A Study of the Oestrous Cycle, Artificial Insemination and Embryo Retrieval in Mares

Dickie, Alison M (1995) A Study of the Oestrous Cycle, Artificial Insemination and Embryo Retrieval in Mares. Master of Veterinary Medicine thesis, University of Glasgow.

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The reproductive behaviour of eleven mares was studied from October until June using various techniques including daily teasing, rectal palpation, ultrasound scanning, plasma progesterone and LH assays. It was necessary to combine information from all these sources to determine the exact reproductive state of each of the mares. The average length of oestrus in this study was 6.0 +/- 2.4 days and dioestrus 18.9 +/- 7.2 days. A wide range of cyclic behaviour and anomalies were seen throughout the study. Double ovulations occurred during 9.6% of oestruses and dioestrous ovulations occurred with an incidence of 7.2%. LH peaks were recorded in conjunction with ovulations during silent oestruses but not dioestrous ovulations. The LH assay was also found to crossreact with eCG in pregnant mares beyond day 35. One mare was particularly prone to silent oestruses as well as displaying erratic oestrous behaviour and shortened dioestrous intervals. 55% of the mares continued to ovulate throughout the year without entering anoestrus. Another mare continued to cycle normally and conceive in the presence of a previously physiologically active granulosa cell tumour. A comparison was made between a radioimmunoassay and an ELISA kit for the measurement of plasma progesterone concentrations. The accuracy of the ELISA was found to be 61% with a tendency to give higher results than those obtained using the radioimmimoassay. The most reliable way to use it was in a qualitative manner rather than the semi-quantitative way the manufacturers intended, improving the accuracy to 85.5%. One mare consistently gave lower than expected results suggesting some factor in her plasma prevented reaction with the kit. Mares were inseminated throughout the study using chilled, extended semen of varying age and quality at different intervals before ovulation. An overall pregnancy rate of 61% was achieved, despite the lack of therapeutic interference and operator experience. No difference was found between pregnancy rates obtained using semen less than or greater than 48 hours old, or between insemination less than or more than 3 days before ovulation. The percentage of progressively motile sperm in a sample was found to be a subjective assessment while percentage live spermatozoa was more objective but although both parameters decreased as the semen aged, there was no correlation found between these results and pregnancy rates. The use of prostaglandin injections to bring mares into oestrus was found to have no effect on their fertility. 14 pregnancies were achieved as part of a study on the early development of the equine eye. Three cases of early embryonic death occurred, all between day 13 and 26 of gestation giving an incidence of 21.5%, which is high when compared to previously reported figures. Two cases, involving the same mare, were associated with vesicles which were considered to be undersized for their gestational age and the other appeared normal until it was no longer detected on ultrasound. All were associated with a prolonged luteal phase. Attempts were made to terminate three pregnancies using prostaglandin. One resulted in a return to oestrus and reconception, one resulted in pseudopregnancy and the other maintained her pregnancy. Two sets of twins occurred but in both cases, one was resorbed before day 23. Of six pregnant mares, embryos were successfully collected via the transcervical route from four mares at days 14-15, 17, 22 and 25, giving a success rate using this method of 66%. Two further mares were flushed, one on day 12 and the other on day 21 of gestation with no attempt made to retrieve the conceptus. In both cases, the embryo was lost and they returned to oestrus within 3 days.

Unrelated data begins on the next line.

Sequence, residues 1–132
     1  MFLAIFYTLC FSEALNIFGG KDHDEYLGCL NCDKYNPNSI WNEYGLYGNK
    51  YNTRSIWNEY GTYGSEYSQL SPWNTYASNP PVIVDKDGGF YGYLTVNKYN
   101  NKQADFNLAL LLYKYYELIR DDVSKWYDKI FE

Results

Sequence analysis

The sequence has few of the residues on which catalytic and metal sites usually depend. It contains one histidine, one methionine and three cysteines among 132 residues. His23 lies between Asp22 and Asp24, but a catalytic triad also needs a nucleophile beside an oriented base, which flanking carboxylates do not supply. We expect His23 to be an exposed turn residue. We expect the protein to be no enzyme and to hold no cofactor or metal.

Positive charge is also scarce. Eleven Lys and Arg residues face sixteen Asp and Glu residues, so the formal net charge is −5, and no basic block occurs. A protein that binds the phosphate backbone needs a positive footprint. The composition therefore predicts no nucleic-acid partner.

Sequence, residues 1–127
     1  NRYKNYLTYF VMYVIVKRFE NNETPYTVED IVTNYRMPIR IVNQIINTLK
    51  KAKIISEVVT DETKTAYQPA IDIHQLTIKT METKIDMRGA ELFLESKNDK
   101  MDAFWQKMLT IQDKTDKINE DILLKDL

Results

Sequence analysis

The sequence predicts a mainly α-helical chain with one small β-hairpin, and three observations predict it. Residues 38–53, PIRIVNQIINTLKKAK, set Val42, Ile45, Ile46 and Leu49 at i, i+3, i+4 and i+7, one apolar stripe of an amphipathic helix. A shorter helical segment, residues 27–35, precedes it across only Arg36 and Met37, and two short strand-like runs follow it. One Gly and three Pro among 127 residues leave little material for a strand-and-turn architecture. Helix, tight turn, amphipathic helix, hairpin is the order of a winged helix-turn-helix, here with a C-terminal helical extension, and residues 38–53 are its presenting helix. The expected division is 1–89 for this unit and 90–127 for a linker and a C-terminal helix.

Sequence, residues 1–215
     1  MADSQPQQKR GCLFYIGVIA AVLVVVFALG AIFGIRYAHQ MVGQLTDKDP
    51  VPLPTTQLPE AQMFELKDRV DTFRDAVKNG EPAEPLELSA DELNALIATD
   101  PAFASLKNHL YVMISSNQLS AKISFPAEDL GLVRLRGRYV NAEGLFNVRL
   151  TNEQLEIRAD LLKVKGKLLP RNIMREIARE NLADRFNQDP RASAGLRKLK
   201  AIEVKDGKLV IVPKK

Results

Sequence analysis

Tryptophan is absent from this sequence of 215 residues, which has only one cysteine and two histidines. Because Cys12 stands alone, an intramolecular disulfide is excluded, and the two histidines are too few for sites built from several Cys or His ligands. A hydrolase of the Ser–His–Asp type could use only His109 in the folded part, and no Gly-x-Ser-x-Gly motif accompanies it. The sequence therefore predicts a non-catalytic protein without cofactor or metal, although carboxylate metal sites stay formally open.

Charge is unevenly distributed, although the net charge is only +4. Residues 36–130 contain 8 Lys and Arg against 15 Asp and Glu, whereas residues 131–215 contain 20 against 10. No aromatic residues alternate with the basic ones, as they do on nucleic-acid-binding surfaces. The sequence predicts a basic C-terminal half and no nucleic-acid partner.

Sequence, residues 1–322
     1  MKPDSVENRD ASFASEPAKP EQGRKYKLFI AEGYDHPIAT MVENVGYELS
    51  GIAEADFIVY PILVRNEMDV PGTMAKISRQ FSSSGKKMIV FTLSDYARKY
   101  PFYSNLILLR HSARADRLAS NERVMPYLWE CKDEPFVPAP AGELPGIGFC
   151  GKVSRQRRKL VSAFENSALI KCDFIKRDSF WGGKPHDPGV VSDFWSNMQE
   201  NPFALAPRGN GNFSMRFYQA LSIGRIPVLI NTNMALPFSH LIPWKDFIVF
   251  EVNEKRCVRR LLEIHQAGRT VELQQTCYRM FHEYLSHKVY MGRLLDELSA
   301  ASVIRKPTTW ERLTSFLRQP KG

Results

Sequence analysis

Item Type: Thesis (Master of Veterinary Medicine)
Qualification Level: Masters
Additional Information: Adviser: M J A Harvey
Keywords: Veterinary science, Animal sciences
Date of Award: 1995
Depositing User: Enlighten Team
Unique ID: glathesis:1995-75561
Copyright: Copyright of this thesis is held by the author.
Date Deposited: 19 Nov 2019 19:27
Last Modified: 19 Nov 2019 19:27
URI: https://theses.gla.ac.uk/id/eprint/75561

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